The plot? The Mandalorian (Pedro Pascal) is a bounty hunter, traversing the galaxy for his next mission. He finds one and is set to deliver... until he sees his mark, referred to as “The Child.” Now he and The Child are on the run through the universe, encountering obstacles, fighting monsters, and saving some helpless people along the way.

A lot of people who criticize The Mandalorian do so by saying that it’s “slow.” And yes, it’s got a bit of a smoother pace than most things in the Star Wars franchise, but that’s not a bad thing. This is a “space Western,” which means that fight scenes move quickly and everything in between those scenes is slower-paced storytelling. Genuinely though The Mandalorian is great fun — it’s comedic without being over-the-top cheesy. Its comedy fits right into the Star Wars universe perfectly.

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And you’ve probably seen Baby Yoda (what many of us call “The Child”) pop up all over the internet recently. And that’s because Baby Yoda is so gosh darn cute that we can’t help ourselves. The dynamic between the Mandalorian and Baby Yoda is adorable. He’s serving as the little one’s adopted parent, and the show spends a lot of time reminding us of their cute little dynamic. This isn’t something the Mandalorian necessarily wanted, but he chose to save Baby Yoda because something within him knew it was the right thing to do. He couldn’t let people hurt or use his powers.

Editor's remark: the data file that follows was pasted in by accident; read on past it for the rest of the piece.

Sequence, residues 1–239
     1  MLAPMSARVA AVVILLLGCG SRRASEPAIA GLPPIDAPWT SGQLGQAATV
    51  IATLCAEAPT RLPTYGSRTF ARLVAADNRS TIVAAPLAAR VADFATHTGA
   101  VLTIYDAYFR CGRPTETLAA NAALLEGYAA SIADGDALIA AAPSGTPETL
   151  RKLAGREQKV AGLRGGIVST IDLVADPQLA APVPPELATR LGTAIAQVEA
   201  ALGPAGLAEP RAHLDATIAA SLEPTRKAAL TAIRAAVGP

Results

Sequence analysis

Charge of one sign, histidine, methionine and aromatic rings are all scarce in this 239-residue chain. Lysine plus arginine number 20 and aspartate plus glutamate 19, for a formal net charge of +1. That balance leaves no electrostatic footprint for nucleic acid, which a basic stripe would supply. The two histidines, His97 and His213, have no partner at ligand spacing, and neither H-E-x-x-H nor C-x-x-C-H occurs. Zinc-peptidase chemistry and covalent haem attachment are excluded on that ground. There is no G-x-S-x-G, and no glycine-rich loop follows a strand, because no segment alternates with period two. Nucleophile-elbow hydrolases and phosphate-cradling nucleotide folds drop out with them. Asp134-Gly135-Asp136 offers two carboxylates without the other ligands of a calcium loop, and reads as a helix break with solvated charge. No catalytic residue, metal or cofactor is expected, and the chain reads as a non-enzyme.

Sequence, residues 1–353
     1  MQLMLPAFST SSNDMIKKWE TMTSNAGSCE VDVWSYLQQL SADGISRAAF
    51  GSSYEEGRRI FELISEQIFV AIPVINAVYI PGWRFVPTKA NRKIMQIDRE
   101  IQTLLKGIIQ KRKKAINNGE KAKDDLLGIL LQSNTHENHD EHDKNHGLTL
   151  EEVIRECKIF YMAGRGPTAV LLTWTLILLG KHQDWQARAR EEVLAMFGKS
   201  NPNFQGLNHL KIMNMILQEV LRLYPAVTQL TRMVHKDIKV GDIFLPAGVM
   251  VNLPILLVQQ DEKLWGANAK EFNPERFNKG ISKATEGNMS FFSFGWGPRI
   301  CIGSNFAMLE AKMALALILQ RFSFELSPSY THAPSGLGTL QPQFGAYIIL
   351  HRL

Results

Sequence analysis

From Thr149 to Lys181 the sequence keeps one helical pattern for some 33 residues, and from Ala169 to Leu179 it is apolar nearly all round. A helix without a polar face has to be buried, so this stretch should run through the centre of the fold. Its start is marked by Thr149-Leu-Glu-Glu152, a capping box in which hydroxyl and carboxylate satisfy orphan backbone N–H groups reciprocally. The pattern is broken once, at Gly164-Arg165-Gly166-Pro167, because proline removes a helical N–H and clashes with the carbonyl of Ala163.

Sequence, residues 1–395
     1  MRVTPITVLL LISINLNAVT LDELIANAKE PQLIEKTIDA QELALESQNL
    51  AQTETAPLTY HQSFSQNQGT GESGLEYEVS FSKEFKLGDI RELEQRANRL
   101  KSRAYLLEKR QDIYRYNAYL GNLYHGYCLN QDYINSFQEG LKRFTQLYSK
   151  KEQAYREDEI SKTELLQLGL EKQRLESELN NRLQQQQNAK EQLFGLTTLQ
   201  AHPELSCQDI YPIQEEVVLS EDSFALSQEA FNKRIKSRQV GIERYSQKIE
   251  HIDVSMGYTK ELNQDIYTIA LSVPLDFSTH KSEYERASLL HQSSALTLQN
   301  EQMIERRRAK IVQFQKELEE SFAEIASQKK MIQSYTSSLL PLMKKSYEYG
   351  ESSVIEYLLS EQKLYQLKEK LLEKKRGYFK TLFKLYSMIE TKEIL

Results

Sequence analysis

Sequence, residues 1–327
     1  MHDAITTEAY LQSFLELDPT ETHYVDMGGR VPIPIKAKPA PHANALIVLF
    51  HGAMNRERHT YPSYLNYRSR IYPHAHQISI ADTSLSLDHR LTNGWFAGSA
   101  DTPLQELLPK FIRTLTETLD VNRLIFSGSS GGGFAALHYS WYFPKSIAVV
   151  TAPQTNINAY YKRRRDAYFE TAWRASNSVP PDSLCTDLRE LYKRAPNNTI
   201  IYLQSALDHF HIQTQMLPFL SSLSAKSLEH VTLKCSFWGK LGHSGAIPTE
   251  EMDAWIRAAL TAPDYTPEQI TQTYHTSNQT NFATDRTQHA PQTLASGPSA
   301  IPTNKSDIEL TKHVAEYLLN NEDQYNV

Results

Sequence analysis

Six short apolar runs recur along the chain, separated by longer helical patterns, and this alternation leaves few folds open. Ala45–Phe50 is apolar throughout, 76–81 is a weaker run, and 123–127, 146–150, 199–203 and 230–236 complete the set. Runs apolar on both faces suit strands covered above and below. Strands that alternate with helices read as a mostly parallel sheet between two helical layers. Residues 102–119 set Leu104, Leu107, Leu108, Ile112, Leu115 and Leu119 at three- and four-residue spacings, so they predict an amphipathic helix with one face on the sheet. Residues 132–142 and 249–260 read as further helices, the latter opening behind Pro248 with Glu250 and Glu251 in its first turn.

I’m interested to continue to learn more about the Mandalorian’s past (we’ve gotten hints of it here and there), but I can honestly say that Pedro Pascal is doing such great work emoting with just his voice since the Mandalorian never takes off his helmet. If you’re a fan of Star Wars, you’re probably already watching it. But if for some reason you’re not, I highly recommend checking it out. It’s fun, good storytelling. And again... Baby Yoda.

What do you plan to check out this holiday season on Disney+? Sound off in the comments below and let us know what we should watch too!